Intel: A Big Announcement May Come Soon

Jun.23.14 | About: Intel Corporation (INTC)

Summary

Intel may soon make a large financial announcement.

A dividend raise may be part of the plan.

What else could Intel do?

Now that we are a couple weeks removed from Intel's (NASDAQ:INTC) guidance raise, it is time to continue looking at what could be the next big announcement from Intel. For those that read my most recent Intel article where I stated a dividend raise should come soon, you probably know what I'm getting at. For those that missed it, here was the short statement clue:

Intel usually declares a dividend in the last ten days of July, so that could be a time to watch. Intel may also announce a larger capital return plan before then, and I'll cover that in my next article.

Intel could be close to finishing its buyback in the next twelve months, so I believe that a buyback announcement should accompany the next dividend raise. Whether that happens in July, late in 2014, or early 2015 is anyone's guess at the moment. However, we should be getting some major news on the buyback in the next 12 months, and today I'll discuss this item.

A new buyback program or current plan increase:

In the most recent 10-Q filing, Intel provided the following statement in regards to its share repurchase program:

We have an ongoing authorization, originally approved by our Board of Directors in October 2005, and subsequently amended, to repurchase up to $45 billion in shares of our common stock in open market or negotiated transactions. As of March 29, 2014, $2.6 billion remained available for repurchase under the existing repurchase authorization limit. During the first three months of 2014, we repurchased 22.1 million shares of common stock at a cost of $545 million (25.2 million shares of common stock at a cost of $533 million during the first three months of 2013). We have repurchased 4.4 billion shares at a cost of $92 billion since the program began in 1990.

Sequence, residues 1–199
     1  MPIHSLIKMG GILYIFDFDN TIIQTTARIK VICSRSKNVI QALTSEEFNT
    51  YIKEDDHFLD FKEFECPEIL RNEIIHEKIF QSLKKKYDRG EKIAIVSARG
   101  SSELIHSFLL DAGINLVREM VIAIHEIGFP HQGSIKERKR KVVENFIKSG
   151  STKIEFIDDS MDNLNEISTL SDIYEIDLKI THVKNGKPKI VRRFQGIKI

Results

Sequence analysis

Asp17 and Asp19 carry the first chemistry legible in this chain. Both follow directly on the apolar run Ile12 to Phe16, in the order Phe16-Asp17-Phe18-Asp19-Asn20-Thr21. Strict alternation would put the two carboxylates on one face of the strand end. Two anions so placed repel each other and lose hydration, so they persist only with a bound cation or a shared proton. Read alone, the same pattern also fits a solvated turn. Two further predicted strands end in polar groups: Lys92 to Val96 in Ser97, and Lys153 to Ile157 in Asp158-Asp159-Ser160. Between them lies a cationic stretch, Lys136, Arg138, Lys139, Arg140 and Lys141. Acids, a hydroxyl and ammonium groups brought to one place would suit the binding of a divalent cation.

Intel has been running the buyback in the $500 million to $550 million range per quarter since the start of 2013. The company spent a lot more on the buyback during 2011 and 2012, which really helped get the share count down. In the past year or so, the share count has actually started rising again since Intel's buyback is not currently powerful enough to get the share count down.

If Intel just maintains the current buyback rate per quarter, the buyback should be close to completion or even finished by the end of Q2 2015. More often than not, large companies that are flush with cash either raise the buyback or announce a new program before the current one ends. Just in the past year, we've seen buyback increases or new programs from Apple (NASDAQ:AAPL), Microsoft (NASDAQ:MSFT), and Cisco Systems (NASDAQ:CSCO). Tech companies have a lot of cash on their balance sheets, and they are putting it to use. I'll have more on those three names later on in this article.

A natural progression: